When’s the last time you opened a stormwater drain on your property to see what was inside? You might be surprised at what you find. You probably expect to see some landscaping debris like grass clippings and leaves that fall into grates—and cigarette butts that fall into drains. But consider the oil and buildup from vehicle exhaust that collects on parking lots and is washed into stormwater drains.
Rainwater rolls across the surface and carries with it debris that you certainly would not want to find in Kentucky’s rivers, lakes and streams.
That’s where stormwater quality units come into play. These units are designed to filter debris from stormwater run-off and to keep harmful substances from entering our waterways.
Many people do not realize water flows into stormwater drains and directly back into nature. Eventually, we tap into those bodies of water for drinking water—then filtering it to treatment facilities so it is safe to use. What’s important to recognize is that the water that flows across parking lots is part of a cycle. The more responsible we are with filtering stormwater runoff, the better it is for our environment and our water supply.
So, what do we do about managing stormwater run-off and improving water quality? One solution is to install a stormwater quality unit—and to maintain it on a regular basis. We emphasize the importance of maintenance, because if ignored these units don’t do their job.
Let’s talk about how stormwater quality units work and how they should be maintained.
What Is A Stormwater Quality Unit?
Stormwater quality units are designed to treat stormwater by filtering sediment, debris, oils and trash that collects on surfaces and is washed into stormwater sewers. There are various types of stormwater quality units that can be installed under the grate where water enters the storm sewer. Some units are as simple as a mesh metal basket that includes a filter to trap debris, sediment, oil and other suspended solids. Other units are made from polyethylene drainage pipe. More advanced water quality filtering can include several different types of water quality units at different stages in the sewer. At Klausing Group, we frequently service stand-alone units like the one we have at our headquarters.
How Do Stormwater Quality Units Work?
Imagine mixing some grass clippings, sediment and other debris into a cup of water and pouring that into a coffee filter. The filter traps the solids and allows water to flow through. Stormwater quality units work in a similar manner, however their filters are designed to prevent harmful oil that commonly collects on hard surfaces.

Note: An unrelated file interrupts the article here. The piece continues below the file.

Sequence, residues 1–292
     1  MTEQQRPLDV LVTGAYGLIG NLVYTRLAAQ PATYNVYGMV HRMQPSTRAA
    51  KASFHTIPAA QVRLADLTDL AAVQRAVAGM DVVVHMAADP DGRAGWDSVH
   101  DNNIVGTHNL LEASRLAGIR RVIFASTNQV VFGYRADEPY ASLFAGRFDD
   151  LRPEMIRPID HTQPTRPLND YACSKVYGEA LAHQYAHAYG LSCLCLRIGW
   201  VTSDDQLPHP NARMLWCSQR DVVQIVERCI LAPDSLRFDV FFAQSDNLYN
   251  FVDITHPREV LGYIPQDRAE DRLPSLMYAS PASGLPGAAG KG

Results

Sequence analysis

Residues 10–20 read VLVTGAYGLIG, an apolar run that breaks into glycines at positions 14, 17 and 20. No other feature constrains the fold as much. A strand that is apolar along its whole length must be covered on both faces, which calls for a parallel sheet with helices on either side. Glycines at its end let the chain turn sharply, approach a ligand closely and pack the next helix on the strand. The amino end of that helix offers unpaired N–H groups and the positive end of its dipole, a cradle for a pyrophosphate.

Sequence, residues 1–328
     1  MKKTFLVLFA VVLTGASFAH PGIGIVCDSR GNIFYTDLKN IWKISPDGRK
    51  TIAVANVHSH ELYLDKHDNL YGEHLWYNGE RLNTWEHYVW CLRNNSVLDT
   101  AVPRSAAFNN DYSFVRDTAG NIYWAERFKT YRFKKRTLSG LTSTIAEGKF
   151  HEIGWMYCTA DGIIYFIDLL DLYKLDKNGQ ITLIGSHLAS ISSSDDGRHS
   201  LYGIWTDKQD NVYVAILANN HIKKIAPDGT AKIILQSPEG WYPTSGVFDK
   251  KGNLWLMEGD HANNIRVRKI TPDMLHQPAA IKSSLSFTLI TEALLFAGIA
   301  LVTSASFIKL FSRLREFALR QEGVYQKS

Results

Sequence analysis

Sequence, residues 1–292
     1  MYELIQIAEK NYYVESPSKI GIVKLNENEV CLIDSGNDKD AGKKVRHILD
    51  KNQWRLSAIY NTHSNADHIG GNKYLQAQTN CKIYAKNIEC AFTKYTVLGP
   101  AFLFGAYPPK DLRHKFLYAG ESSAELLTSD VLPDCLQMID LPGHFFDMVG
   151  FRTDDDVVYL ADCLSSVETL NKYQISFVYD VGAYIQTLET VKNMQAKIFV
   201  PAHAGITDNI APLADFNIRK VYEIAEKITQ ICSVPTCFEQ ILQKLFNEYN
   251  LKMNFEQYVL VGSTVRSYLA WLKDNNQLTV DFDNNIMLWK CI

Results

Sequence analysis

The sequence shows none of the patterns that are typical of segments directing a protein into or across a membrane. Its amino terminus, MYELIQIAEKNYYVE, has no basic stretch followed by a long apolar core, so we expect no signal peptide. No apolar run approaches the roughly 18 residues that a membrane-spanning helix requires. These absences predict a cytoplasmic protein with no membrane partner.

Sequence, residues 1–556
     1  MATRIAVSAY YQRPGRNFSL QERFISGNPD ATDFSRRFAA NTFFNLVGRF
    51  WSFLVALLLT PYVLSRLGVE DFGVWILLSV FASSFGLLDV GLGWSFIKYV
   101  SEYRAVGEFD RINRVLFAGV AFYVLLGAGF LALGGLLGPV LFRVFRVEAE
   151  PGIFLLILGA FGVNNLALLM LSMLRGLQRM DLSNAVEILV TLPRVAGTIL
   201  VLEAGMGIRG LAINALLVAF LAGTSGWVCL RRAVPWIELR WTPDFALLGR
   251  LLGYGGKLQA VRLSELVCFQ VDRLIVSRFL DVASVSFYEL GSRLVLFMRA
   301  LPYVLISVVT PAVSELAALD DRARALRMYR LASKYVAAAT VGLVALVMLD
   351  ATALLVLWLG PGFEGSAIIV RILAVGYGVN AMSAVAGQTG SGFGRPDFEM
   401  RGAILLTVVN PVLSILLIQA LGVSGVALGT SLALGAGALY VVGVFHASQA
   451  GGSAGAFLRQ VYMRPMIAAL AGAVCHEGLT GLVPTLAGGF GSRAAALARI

Stormwater quality units include various filtering mechanisms that trap debris and sediment before water enters the storm sewer. These units often resemble a basket that sits right underneath the stormwater grate. They clip into place and can be removed for cleaning and filter changes.
Maintaining Stormwater Quality Units
Does your Kentucky property have a stormwater quality unit? Many times, property owners do not realize they exist. And, the City of Lexington Division of Water Quality inspects units to be sure they are working properly. If units are non-compliant, property owners are charged a fine. So, first step is: Find out if your stormwater sewers have water quality units already.
If your property does have stormwater quality units, are you maintaining them on at least a quarterly basis? Maintenance includes removing the filter and cleaning the basket so debris, sediment and other solids are removed. If the filter is compromised, it should be replaced.
This can happen easily. For example, cigarettes dropped down sewers can burn holes into water quality unit filters. Filters can get clogged up by debris like grass clippings and leaves if a landscape crew is not careful to blow debris away from sewers. (Be sure to talk to your landscape provider about this.) A clogged or damaged filter is ineffective.
Because stormwater quality units often go unnoticed—they are mounted under sewer grates, after all—it’s easy to forget about maintaining them. But not doing so can result in fines and a system that’s simply not doing its job. Rain gardens can also include water quality units that must be managed on a regular basis.
If your property does not have stormwater quality units, now is the time to consider this green infrastructure. There are some government incentives if you choose to invest in the units.
Do Your Part To Improve Water Quality
Stormwater quality units are a simple way to make an impact on water quality. By installing these units in storm sewers, you prevent debris, oil, sediment and trash that collects on hard surfaces from washing into our natural water sources. Remember, storm sewers are a direct route to rivers, streams and lakes. You wouldn’t pour a can of oil in a creek or dump a bag of lawn waste into a lake. That’s basically what’s happening gradually when water quality units are not in place in our storm sewers.
We can all do a small part to improve water quality and our ecosystem, and together it can make a marked impact. Consider starting small by installing and regularly maintaining stormwater quality units. By hiring a professional with knowledge of green infrastructure and how these units work, you can rest assured that they will be properly managed and in compliance.
Let’s talk about how your landscape can do more. Stormwater quality units are just one way. Call us anytime at 859.254.0762 in Lexington, or 502.264.0127 in Louisville. Or, fill out this simple contact form and we’ll get in touch with you.